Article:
When You Wrestle With God (Genesis 32:22-32)


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SYNOPSIS OF THE SERMON
Anyone who wishes to have a life of faith, anyone who wishes to seriously engage in all that a relationship with God means, is signing up for a wrestling match, as they will wrestle with God and His will for their life.

In Genesis 32 we read the story of Jacob wrestling with God. After working for his father-in-law for 20 years, Jacob is finally heading back home, to the Promised Land, yet even though he’s had great experiences with God, he still is not willing to fully surrender his life to God and is still committed to do life as an independent agent.

Yet, God, in His sovereignty, allows Esau, Jacob’s brother, to come with 400 armed men to meet him, and this becomes a source of great fear for Jacob. However, God allows this to happen so that Jacob would draw near to Him, and as Jacob cries out to God for protection, God wrestles with him to strip him of everything that was keeping him from completely surrendering to God. As a result, Jacob is finally broken before God, and yet, as he holds on to Him, he receives God’s blessing for his life.

God wants to bring us to the end of our self-help methods, to a place where we’re finally broken and utterly surrendered to Him so that He can bless and transform us.

GETTING THE CONVERSATION STARTED
These questions can be used as ice-breakers in the beginning OR interwoven between the questions below to draw the group into the discussion.

1. Have you ever wrestled with anyone over a particular issue? A co-worker? A friend? God? Briefly share.
2. Are there areas of your life where you’ve been asking God to intervene but it seems he hasn’t? Share and discuss your experience.
3. Do you feel that you can interact honestly with God about things that you don’t understand or that frustrate you? Why or why not?

INTERACTING WITH THE SERMON
1. In 5 minutes or less, briefly give a synopsis of this week’s sermon. What insight, principle, or observation from this weekend’s message did you find to be most helpful, eye-opening, or troubling? Explain.

2. Read 2 Corinthians: 12:2-10:

2I know a man in Christ who fourteen years ago was caught up to the third heaven. Whether it was in the body or out of the body I do not know—God knows. 3And I know that this man—whether in the body or apart from the body I do not know, but God knows— 4was caught up to paradise. He heard inexpressible things, things that man is not permitted to tell. 5I will boast about a man like that, but I will not boast about myself, except about my weaknesses. 6Even if I should choose to boast, I would not be a fool, because I would be speaking the truth. But I refrain, so no one will think more of me than is warranted by what I do or say. 7To keep me from becoming conceited because of these surpassingly great revelations, there was given me a thorn in my flesh, a messenger of Satan, to torment me. 8Three times I pleaded with the Lord to take it away from me. 9But he said to me, “My grace is sufficient for you, for my power is made perfect in weakness.” Therefore I will boast all the more gladly about my weaknesses, so that Christ’s power may rest on me. 10That is why, for Christ’s sake, I delight in weaknesses, in insults, in hardships, in persecutions, in difficulties. For when I am weak, then I am strong.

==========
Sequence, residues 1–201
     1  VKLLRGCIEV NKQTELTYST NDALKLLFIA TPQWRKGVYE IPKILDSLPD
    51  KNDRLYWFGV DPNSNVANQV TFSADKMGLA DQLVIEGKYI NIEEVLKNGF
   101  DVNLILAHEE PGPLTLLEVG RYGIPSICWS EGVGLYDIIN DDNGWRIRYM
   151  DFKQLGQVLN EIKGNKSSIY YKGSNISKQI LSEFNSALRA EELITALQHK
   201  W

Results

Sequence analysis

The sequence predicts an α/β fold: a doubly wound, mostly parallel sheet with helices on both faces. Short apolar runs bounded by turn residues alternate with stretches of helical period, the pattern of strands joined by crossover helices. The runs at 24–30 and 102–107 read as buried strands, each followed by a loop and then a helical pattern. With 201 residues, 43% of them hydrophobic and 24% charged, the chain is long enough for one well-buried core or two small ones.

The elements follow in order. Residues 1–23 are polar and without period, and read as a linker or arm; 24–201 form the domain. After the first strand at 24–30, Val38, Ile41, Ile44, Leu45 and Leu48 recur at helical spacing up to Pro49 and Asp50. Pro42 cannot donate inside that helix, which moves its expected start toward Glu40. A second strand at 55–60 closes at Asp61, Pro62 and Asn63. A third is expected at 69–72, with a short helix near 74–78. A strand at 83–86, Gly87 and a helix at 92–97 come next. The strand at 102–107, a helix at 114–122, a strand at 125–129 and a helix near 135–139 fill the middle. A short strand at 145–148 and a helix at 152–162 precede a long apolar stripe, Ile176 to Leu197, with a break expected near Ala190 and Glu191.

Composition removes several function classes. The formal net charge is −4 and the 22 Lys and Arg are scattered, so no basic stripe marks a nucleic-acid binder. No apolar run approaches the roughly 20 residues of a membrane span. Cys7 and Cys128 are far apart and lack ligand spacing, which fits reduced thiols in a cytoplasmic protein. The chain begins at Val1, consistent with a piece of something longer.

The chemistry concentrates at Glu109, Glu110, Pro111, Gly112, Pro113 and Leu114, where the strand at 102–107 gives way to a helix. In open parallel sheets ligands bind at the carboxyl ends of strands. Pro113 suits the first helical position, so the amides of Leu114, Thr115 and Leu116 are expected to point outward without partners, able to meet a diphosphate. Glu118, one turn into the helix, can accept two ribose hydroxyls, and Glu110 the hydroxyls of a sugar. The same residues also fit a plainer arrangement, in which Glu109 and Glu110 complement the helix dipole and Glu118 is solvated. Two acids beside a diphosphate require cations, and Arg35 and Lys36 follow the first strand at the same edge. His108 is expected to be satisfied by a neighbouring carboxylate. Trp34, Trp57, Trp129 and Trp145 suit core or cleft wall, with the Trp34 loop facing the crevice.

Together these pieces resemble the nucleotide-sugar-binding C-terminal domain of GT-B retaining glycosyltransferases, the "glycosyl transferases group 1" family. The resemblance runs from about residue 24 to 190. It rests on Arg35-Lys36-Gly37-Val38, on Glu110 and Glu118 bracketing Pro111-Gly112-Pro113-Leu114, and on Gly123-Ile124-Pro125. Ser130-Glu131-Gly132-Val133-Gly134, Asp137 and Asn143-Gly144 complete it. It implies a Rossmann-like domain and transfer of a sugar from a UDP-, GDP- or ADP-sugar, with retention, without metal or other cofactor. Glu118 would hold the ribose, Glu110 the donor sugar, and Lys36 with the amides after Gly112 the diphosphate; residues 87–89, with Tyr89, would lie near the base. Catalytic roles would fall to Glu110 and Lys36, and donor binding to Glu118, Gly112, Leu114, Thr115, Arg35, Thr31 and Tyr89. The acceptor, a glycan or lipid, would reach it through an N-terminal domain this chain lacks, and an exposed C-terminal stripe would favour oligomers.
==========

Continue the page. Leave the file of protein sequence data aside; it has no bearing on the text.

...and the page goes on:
• Most believe that by saying the “man in Christ”, Paul is referring to himself. Explain why you agree/disagree. (v.2)
• When Paul says “in the body” or “out of the body” experience what do you think he means? (vv. 3 – 5) Do you think such experiences happen today? Have you ever had such an experience? Please share.
• In vv. 3 -6, Paul appears to be preoccupied with not appearing boastful to others. Why do you think Paul was concerned about this? Can you think of any times where sharing your spiritual experience with others made you uncomfortable with how others would receive it? Why did you feel it was uncomfortable to share it?
• Would boasting about genuine experiences with God make people think more of you than is warranted (v. 6)? Where do you draw the line?
• Who is it that Paul says gave him a thorn in his flesh to torment him and keep him from being conceited (v. 7)? Many theologians are divided about what Paul’s thorn was. With this in mind, what do you believe Paul means by “thorn in my flesh?” Describe situations, if any, where you feel you may have had such a thorn.
• What has Paul tried to do about the thorn in his flesh (v. 8)? How did the Lord respond to Paul’s request (v. 9)? Can you think of times where you or a loved one asked the Lord for relief but the request was not granted? What effect did it have upon you? How did it affect your faith?
• What does it mean for Christ’s power to be made perfect? How do you feel our weakness relates to the “perfecting” of Christ’s power in us? Have you ever experienced Christ perfecting His Power in your weakness? Share.
• How does Paul’s attitude about hardships, weaknesses, insults, persecutions and difficulties differ from most Christians you know? Is his attitude different from yours? Why or why not?

3. In his sermon, Rich says that sometimes God allows Esau (huge problems) to go away; and sometimes he doesn’t… because He wants us to be broken and utterly surrendered to Him so He can bless and transform us.

• Encourage your small group to share any areas of their lives where they have been broken and experienced a blessing.
• In your prayer time, ask the Holy Spirit to reveal the areas of life any other small group members may need to have broken in order to receive the blessing the Lord has for them.
• Pray for one another that any areas revealed are surrendered and offered to the Lord. Encourage one another in the journey toward transformation.